The carriageway continues its parallel line below the main axis of the ridge. Until recently, the trail has offered periodic west facing portals through the trees to the valley below, but as the carriageway courses straight and long, there suddenly appears on the left, a broad open field of white rock sloping downward, with scattered pitch pines reverently facing Clove Valley. In the depths of the valley a few lonely buildings exhale little puffs of smoke into the misty morning air. Above them, the ridgeline and forest reveal a horizontal patchwork from outcroppings that present their pixelated swatches intermittently against the backdrop of the trees— like digital artifacts disrupting the image of the forest. The white artifacts reveal the characteristic style of Shawangunk conglomerate, so they have long been raised from obscurity into the realm of identity. Dickie Barre, Lost City, Ronde Barre, and Rock Hill can all be spied from this broad window, although the former are better viewed from atop Near Trapps ridge. Closer at hand, the white rock that flows down to the Coxing Kill on the west side of the trail continues its slope upward toward The Trapps ridgeline on the opposite side of the trail. Upon the slope, the nearly white rock and strong morning light behind a cluster of hanging branches and pines silhouette their gestures as they line the carriageway. It is quite appropriate that jet-black ravens scratch their mocking caw harshly into the morning air at this moment— invoking anew the sense of a solo journey, along with the immersion that it brings.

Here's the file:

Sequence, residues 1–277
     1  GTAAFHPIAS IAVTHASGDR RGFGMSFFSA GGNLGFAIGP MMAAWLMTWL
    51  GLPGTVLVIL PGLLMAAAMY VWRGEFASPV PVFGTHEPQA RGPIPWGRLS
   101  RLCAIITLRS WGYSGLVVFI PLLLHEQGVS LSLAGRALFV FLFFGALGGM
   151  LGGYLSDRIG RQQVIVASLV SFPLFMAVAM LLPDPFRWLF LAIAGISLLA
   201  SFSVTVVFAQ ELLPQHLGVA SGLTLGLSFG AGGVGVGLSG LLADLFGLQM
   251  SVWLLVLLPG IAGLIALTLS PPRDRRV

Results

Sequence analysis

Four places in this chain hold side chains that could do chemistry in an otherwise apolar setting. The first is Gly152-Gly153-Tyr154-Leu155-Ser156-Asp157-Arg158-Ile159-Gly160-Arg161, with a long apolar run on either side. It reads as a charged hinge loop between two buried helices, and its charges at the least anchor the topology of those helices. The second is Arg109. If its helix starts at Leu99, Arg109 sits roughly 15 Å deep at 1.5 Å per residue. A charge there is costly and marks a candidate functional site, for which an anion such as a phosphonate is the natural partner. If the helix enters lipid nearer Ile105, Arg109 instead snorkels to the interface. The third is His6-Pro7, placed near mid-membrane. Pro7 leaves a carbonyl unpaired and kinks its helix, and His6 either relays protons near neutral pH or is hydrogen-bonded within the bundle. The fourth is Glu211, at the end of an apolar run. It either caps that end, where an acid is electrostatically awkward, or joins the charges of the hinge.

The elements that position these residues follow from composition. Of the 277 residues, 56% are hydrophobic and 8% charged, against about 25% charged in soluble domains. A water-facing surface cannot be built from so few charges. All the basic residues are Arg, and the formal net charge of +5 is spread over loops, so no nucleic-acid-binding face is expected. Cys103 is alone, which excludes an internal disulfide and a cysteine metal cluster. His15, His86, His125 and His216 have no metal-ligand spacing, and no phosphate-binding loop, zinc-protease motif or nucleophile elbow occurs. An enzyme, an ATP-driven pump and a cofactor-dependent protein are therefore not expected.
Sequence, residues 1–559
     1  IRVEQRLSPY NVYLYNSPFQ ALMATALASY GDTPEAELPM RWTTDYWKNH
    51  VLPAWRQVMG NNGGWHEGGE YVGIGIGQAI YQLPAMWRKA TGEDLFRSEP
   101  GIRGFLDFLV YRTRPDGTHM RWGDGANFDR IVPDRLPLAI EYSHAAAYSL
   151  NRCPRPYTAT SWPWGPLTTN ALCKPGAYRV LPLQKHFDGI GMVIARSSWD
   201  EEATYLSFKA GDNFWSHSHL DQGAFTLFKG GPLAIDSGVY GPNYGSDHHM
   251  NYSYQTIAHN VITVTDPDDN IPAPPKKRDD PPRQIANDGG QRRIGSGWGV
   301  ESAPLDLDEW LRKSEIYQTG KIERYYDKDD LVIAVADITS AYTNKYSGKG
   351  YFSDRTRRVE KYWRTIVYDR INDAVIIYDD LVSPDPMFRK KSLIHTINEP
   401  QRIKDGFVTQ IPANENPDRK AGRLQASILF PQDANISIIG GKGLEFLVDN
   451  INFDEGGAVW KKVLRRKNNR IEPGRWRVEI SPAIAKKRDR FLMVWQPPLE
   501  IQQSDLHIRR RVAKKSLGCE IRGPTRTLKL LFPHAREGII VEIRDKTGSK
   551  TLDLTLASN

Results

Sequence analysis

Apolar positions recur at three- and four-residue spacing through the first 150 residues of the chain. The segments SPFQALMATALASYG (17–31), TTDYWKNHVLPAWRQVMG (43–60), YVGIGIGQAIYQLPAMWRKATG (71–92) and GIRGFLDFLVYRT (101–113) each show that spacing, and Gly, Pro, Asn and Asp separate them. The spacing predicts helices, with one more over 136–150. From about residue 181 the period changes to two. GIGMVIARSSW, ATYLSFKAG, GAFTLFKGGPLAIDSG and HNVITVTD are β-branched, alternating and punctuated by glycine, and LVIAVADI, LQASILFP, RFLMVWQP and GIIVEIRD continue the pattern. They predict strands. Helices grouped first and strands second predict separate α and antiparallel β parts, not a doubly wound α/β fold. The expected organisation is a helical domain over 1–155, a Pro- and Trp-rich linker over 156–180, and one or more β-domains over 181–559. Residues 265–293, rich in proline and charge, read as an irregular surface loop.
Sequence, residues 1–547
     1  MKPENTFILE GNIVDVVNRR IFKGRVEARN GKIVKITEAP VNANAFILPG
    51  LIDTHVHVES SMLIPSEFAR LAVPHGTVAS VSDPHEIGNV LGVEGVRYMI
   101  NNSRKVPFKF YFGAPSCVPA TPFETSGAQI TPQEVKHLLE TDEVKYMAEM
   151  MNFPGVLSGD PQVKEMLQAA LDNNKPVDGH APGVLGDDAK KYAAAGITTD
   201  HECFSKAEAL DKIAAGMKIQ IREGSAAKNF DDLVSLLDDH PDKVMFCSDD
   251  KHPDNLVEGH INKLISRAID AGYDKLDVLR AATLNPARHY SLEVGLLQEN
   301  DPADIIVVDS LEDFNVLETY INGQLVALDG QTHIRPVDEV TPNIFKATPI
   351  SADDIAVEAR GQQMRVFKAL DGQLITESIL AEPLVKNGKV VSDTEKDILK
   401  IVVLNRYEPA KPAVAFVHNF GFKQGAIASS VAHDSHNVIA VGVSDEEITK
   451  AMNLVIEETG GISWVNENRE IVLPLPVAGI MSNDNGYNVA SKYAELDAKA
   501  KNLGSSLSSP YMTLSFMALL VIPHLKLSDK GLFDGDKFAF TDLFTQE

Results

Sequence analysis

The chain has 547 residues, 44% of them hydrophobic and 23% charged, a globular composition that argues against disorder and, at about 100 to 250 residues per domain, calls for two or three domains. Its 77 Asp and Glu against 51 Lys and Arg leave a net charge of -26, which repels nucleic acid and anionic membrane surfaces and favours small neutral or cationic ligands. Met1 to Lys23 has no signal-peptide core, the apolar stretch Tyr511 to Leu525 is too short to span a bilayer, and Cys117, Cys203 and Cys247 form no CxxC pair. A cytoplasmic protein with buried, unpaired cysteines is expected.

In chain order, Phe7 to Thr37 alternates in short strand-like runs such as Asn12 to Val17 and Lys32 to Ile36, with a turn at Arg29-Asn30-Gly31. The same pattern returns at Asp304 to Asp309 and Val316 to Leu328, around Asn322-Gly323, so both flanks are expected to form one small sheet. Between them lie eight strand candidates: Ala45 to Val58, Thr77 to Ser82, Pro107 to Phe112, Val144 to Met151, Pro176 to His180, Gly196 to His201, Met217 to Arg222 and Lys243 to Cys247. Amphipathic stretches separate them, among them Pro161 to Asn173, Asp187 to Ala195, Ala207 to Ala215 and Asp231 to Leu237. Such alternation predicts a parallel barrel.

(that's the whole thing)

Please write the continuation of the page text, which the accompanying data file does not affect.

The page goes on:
The submersion does not last long, however. The carriageway abruptly transitions from its straight course when again, out of nowhere, the gesture of human movement intrudes. Two women approach almost immediately from the first winding turns and walk past in rapid transit, cutting the moist morning air with a coupled human gesture of mobility. Aerobic in pace and saccadic in gaze— together they exercise a single gait. ‘What’s-going-on’ is unfolding in their rapid strides— releasing, unfurling, giving voice to issues that are incomplete so that they may be cast off between eager strides. The snags and tangles of all that has piled up since their last morning session is combed and freed of their cross-membered moorings. Extending from mobile legs accustomed to the pace, their light footwear grasp and let go of the crunchy surface in unison, with impressively little sound. Their passage is more expressive than noisy— though they barely acknowledge the presence of another being. Amidst their dialogue, flittering eyes still display a two-tiered receptivity in their activity. Though their minds are engrossed in their shared narrative, their senses receive solicitations from diverse quarters. What has been received will be digested later because perceptions tend to pile up in this region. Even now, their senses continue to pressurize until the perceptual world squeezes through the urgency of their dialogue to enrich the storyline with a refreshing air. The silent presence of dim blue-gray rocks reintroduce the senses to textured trunks nearby. Branches with leaves and piney bundles extend the reach of nearby trees, drooping into the tunneled space now occupied by the women’s pace. The excitement of their aerobically-driven dialogue is shifted in contour so as to introduce additional feelings to thoughts that now thrust and terminate cleanly, in the manner of the little population of pine clusters that have been inserted into the dialogue. Healing, consummation, resolution and shared excitement are quickened, not merely through their exercised bodies and oxygen-freshened minds, but by the definitive outlines of the spiky pine-clusters before them. Yet even though their thoughts reflect a measure of the terrain’s overall gestalt, another human body occupies the same terrain of their pace. That requires at least a minor gesture of attending, beyond the strictly functional— for it is never a soulless object that passes in the form of a human body. Even for their disinterested and entirely engaged senses, it was, for them, an expressive body that was glimpsed well before its face could be queried for a rapid glimpse of the soul. The exchange was radically unbalanced, however, for the women passed with very little resources outside of their shared dialogue so as to query the other, even unconsciously.